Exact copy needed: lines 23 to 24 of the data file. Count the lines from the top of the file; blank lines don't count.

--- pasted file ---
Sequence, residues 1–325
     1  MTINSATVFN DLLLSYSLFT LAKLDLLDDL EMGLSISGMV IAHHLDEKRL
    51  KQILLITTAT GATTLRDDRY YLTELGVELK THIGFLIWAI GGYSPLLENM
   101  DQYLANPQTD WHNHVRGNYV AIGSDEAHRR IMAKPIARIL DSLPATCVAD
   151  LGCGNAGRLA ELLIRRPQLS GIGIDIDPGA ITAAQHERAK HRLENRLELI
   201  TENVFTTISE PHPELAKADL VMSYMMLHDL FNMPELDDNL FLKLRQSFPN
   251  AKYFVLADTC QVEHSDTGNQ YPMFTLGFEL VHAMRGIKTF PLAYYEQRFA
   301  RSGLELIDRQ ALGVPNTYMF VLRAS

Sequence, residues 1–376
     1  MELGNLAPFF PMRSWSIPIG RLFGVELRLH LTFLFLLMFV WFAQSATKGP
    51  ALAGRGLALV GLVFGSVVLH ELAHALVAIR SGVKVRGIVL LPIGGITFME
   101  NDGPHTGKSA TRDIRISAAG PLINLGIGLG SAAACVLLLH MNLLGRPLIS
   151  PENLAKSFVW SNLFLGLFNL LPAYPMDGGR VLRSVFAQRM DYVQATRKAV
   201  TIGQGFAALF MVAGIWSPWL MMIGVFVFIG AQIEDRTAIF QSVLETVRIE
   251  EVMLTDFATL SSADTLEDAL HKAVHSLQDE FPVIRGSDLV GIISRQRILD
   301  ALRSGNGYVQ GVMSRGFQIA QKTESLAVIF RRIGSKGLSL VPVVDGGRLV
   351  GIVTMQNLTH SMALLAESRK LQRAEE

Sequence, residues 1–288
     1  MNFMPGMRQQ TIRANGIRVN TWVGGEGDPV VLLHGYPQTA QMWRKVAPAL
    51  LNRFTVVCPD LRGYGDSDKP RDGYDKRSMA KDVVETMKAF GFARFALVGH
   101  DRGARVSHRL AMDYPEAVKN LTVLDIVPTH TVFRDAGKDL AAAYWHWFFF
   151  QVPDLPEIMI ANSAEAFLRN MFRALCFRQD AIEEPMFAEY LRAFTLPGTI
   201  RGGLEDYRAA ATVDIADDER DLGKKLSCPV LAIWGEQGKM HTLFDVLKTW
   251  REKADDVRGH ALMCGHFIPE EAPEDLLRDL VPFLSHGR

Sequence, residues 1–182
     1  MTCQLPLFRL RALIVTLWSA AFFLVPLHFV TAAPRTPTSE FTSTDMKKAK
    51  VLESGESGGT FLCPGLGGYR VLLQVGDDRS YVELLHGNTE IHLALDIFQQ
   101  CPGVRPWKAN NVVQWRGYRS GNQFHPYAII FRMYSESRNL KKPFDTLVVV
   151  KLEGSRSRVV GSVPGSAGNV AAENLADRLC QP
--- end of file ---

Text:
   201  RGGLEDYRAA ATVDIADDER DLGKKLSCPV LAIWGEQGKM HTLFDVLKTW
   251  REKADDVRGH ALMCGHFIPE EAPEDLLRDL VPFLSHGR